Health

Health news and issues in the Ozarks.

Kelly Sue DeConnick / Flickr

The most common form of cancer in the U.S. is skin cancer, according to the Centers for Disease Control and Prevention.  It’s estimated that more than three million Americans are diagnosed with skin cancers each year.

According to CoxHealth, identifying potential skin cancers and pre-cancers can keep the disease from spreading beyond control.

That’s why each year, the health system offers a chance for people 18 and older to be screened for free.  This year, the screening will be held on May 12.

Joe Loong / Flickr

The training this weekend  is part of the national campaign, Stop the Bleed, which gained momentum after the Sandy Hook Elementary School shooting in Connecticut in 2012, according to Mercy Hospital Springfield.

"A bunch of the leaders in the nation got together and thought, 'how can we stop people from dying from preventable deaths with just some basic hemorrhage techniques for that life threatening bleeding situation?'" said Keith Schaefer, director of Trauma Services at Mercy Hospital Springfield.

CoxHealth

A local hospital is trying to get the word out:  don’t automatically resort to antibiotics each time you’re sick.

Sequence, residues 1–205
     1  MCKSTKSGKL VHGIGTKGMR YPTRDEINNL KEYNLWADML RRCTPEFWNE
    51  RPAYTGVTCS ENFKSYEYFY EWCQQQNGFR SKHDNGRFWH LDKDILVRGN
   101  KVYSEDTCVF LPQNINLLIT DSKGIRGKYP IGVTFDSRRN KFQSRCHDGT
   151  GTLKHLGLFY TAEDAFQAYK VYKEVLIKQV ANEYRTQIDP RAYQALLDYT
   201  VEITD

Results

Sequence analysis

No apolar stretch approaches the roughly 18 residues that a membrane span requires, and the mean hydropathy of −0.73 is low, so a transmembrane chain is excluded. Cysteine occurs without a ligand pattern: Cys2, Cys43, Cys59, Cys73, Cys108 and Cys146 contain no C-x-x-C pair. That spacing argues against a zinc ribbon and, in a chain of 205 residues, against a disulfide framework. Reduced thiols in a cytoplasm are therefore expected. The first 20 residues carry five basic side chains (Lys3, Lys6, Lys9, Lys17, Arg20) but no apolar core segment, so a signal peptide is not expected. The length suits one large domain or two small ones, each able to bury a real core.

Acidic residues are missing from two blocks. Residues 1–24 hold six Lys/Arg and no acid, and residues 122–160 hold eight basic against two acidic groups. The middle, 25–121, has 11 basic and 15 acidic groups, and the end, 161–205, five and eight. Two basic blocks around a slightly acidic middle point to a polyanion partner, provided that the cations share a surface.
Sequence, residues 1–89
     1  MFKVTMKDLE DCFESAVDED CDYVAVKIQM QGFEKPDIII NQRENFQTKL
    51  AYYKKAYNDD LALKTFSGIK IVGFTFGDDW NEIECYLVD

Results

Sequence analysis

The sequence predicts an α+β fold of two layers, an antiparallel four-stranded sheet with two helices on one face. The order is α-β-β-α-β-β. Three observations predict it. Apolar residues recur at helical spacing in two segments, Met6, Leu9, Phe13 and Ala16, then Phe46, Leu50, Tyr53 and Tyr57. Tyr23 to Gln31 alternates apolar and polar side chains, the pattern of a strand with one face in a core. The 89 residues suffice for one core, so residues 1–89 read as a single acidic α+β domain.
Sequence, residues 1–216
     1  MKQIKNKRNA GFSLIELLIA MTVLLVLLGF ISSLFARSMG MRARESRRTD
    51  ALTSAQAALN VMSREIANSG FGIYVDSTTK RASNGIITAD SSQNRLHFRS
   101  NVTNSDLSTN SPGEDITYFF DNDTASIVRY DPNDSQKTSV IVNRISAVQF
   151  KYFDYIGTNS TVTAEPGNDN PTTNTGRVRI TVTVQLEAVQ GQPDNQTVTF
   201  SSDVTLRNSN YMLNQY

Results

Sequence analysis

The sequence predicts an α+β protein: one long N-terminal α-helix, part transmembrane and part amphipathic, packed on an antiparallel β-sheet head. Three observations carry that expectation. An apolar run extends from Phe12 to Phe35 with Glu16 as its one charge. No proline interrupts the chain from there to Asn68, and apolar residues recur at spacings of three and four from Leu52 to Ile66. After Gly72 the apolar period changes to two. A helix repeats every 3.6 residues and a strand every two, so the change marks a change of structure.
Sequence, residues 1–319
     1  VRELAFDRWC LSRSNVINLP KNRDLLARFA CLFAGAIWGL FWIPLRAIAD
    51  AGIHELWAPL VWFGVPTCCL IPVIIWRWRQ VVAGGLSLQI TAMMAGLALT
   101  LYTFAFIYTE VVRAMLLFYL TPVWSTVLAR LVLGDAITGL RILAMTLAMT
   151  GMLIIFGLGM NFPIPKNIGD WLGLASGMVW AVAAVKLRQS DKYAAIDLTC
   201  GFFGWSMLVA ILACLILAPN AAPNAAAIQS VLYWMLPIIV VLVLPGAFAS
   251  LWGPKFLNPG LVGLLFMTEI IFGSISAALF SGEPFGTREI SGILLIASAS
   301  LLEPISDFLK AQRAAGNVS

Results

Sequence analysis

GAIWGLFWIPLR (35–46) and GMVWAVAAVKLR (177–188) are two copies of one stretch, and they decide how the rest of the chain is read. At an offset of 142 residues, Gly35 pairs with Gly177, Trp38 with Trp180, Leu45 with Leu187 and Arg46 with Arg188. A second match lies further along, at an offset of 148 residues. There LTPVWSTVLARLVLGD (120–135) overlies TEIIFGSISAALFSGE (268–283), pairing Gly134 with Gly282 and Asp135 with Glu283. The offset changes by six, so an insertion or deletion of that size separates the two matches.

CoxHealth is putting up signs and printing brochures to get the word out.  Ryan Baker, the Ambulatory Care Director for CoxHealth, says taking antibiotics indiscriminately can cause a lot of pathogens to react in ways that can make therapies ineffective.

In other words, he says, nature finds a way to get around obstacles.

Cox Health South
Chloe O'Neill / KSMU

 

 

  CoxHealth and Community Partnership of the Ozarks are implementing a new software system that will allow several different parties to team up in getting services to those in need. 

The software, called ServicePoint, will allow CoxHealth and CPO to refer patients and clients to other local agencies like Jordan Valley Community Health Center and the public health department. 

dominik18s / Flickr

A food drive in Southwest Missouri is aimed at making sure even those who can’t afford to buy healthy food can get it.

This is the sixth year for CoxHealth’s Pack the Pantry healthy food drive, and the health system is asking for the community’s help.

Glenda Miller, CoxHealth’s collaborative care coordinator and food drive organizer, says they want to “support those who need some extra help obtaining the food necessary for a heart-healthy diet.”

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